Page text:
Appearing as if from vapor, a band of Somali pirates armed with bazookas suddenly roars toward the CEC Future, a Danish ship plying the perilous Gulf of Aden. The ship’s captain radios for help, and a German pilot picks up the distress call. He tells the captain to hang on. “Five minutes,” the pilot radios. “We’ll be there in five minutes.” By then, the ship is overrun with pirates, its captain and crew taken hostage.
Thus unfolds Stolen Seas, the riveting documentary by Thymaya Payne, which had its Washington debut at the West End Cinema on January 30th. Payne’s film explores the resurgence of piracy on the high seas, and the unusual relationship that develops between Pers Gullestrup, CEO of the Danish company and Ishmael Ali, the Somali who negotiates on behalf of the pirates.
Following the screening, 100Reporters hosted a brief panel discussion and audience Q&A featuring Matthew Peed, an attorney representing a Somali accused of piracy in U.S. court, Martin Murphy, an expert on piracy and author of several books. Donations accepted, with fun thank you gifts on hand, and Urmila Venugopalan, the South Asia Lead for the Oceans Beyond Piracy Program at One Earth Future.
Martin Murphy, Ph.D., is a consultant, author and strategic analyst with an international reputation in the fields of piracy and unconventional conflict at sea. He has taught a course on â€˜Piracy, Trade and War’ at Georgetown University and is a Senior Fellow at the Atlantic Council, where he is leading a major project on naval cooperation involving the U.S. Navy and its longest-standing allies. His books include Somalia, the New Barbary? Piracy and Islam in the Horn of Africa (2011), and Small Boats, Weak States, Dirty Money: Piracy and Maritime Terrorism in the Modern World (2009). Both were issued by Columbia University Press and listed amongst the outstanding naval titles on their respective years by the U.S. Naval Institute. Dr. Murphy is currently writing Piracy, Terrorism and Unconventional Warfare at Sea: Navies confront the 21st-Centuryfor Routledge. Dr. Murphy holds a BA with Honours from the University of Wales (UK), and Masters (with distinction) and Doctoral degrees in strategic studies from the University of Reading (UK).
Matthew Peed is a partner at the Washington, D.C. law firm of Clinton & Peed PLLC, where he focuses on civil and criminal litigation. He is lead defense attorney in United States v. Ali, 11-cr-106 (DDC), the first universal jurisdiction piracy prosecution in the United States since 1820. Mr. Ali, the former Director-General of Education for Somaliland, is charged with piracy for his role as a negotiator during the 2008 hijacking of the Danish-owned M/V CEC Future. Mr. Peed previously worked at Williams & Connolly LLP and served as a judicial clerk at the U.S. District Court for the District of Columbia, where he worked on Guantanamo and terrorism-related cases. Mr. Peed has travelled extensively in East Africa and is a published author on issues of terrorism and foreign policy. He is a graduate of Harvard University and Duke University School of Law.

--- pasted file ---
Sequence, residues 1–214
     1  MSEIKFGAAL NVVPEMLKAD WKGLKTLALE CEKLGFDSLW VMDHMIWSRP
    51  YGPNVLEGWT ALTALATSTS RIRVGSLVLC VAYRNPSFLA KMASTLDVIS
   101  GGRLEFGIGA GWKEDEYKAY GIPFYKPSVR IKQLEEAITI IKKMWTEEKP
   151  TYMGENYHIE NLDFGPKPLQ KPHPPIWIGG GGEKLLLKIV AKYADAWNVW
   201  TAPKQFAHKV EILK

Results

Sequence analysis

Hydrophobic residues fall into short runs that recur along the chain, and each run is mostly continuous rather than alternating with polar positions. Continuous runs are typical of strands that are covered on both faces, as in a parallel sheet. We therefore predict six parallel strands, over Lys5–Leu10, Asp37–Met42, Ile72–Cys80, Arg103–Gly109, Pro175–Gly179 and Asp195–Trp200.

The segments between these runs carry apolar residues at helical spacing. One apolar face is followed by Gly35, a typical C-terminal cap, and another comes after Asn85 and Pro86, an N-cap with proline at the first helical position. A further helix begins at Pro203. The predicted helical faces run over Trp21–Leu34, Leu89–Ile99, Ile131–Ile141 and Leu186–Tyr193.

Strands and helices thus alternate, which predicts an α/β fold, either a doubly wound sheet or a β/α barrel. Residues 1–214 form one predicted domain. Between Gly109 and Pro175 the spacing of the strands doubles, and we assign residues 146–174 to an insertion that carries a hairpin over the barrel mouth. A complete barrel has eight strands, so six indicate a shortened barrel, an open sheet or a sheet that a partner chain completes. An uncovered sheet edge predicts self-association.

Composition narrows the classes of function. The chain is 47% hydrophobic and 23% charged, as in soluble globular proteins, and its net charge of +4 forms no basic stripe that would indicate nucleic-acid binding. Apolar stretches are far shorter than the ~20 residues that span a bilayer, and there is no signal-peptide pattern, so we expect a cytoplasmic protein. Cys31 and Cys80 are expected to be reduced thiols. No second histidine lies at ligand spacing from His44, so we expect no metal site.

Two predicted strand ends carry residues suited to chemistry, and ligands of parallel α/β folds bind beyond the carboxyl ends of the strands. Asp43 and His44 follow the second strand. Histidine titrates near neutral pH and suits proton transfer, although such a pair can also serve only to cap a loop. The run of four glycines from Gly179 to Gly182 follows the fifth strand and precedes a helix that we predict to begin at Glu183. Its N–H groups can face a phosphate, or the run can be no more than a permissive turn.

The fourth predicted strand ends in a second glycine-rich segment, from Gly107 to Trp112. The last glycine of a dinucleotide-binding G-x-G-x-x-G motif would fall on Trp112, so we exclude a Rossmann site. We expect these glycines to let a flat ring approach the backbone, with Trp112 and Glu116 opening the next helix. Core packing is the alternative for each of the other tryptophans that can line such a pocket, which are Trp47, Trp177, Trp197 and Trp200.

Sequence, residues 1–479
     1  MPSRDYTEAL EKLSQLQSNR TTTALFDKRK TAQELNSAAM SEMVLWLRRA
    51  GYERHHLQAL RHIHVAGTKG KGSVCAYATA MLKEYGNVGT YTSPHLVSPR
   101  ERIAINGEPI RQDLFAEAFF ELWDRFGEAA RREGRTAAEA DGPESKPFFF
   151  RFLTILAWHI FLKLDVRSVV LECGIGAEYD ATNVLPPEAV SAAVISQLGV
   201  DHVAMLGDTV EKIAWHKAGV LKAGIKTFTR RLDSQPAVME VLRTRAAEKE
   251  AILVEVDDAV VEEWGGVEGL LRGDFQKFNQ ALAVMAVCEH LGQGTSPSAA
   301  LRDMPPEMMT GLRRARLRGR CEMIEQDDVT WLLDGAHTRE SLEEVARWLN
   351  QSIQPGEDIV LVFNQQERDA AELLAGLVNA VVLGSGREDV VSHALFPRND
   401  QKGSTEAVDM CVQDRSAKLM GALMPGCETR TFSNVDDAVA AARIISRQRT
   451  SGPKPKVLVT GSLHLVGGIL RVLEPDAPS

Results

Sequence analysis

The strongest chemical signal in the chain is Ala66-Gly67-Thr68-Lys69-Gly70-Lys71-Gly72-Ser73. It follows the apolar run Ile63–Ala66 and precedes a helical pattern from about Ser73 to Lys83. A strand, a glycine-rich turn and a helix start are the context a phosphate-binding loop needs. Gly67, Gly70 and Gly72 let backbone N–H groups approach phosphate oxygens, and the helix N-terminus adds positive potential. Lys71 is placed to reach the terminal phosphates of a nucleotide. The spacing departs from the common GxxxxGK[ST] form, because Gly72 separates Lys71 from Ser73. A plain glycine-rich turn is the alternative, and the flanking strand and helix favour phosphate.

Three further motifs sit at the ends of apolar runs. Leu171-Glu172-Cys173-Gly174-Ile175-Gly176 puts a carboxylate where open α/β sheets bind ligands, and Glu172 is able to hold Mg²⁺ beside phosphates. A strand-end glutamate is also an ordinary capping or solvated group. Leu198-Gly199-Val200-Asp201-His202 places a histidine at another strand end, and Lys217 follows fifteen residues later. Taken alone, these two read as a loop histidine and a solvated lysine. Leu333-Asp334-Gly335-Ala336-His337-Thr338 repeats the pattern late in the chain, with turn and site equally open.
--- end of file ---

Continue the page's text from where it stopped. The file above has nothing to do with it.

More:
Urmila Venugopalan is the South Asia Lead and Manager for the Oceans Beyond Piracy Program at One Earth Future. She works with a range of regional maritime stakeholders both in the public and private sectors to counter piracy. Prior to her current role, Urmila spent several years as the Asia editor and consultant at IHS Jane’s, concentrating on political, defense and security trends in South and Southeast Asia. After Jane’s, she continued to focus on these regions through consultancy projects for a number of public and private organizations, ranging from the U.S. Department of Defense to global risk management businesses. Urmila was born and raised as an Indian expatriate in Qatar before completing her undergraduate degree at McGill University in Canada, and a master’s degree at the London School of Economics & Political Science. In the course of her career, she has had the opportunity to live, work and study in Europe, South Asia and the Middle East. Her articles have appeared in a number of Jane’s publications as well as Foreign Policymagazine, The Huffington Post and CNN.com.
Diana Jean Schemo, who will moderate the discussion, is executive editor of 100Reporters, a nonprofit investigative journalism center whose stories focus on corruption and government accountability. She is an author and award-winning veteran national and foreign correspondent, with more than 25 years at The New York Times and The Baltimore Sun. She has covered poverty and child abuse, religion and culture. The Times nominated her coverage of education for a Pulitzer Prize in 2003. Her stories have appeared in Ms., Marie Claire, New York and The New York Times magazines. Schemo is the author of the 2010 book Skies to Conquer: A Year Inside the Air Force Academy(Wiley). She has reported from more than 25 countries and regions of the world, including Somalia.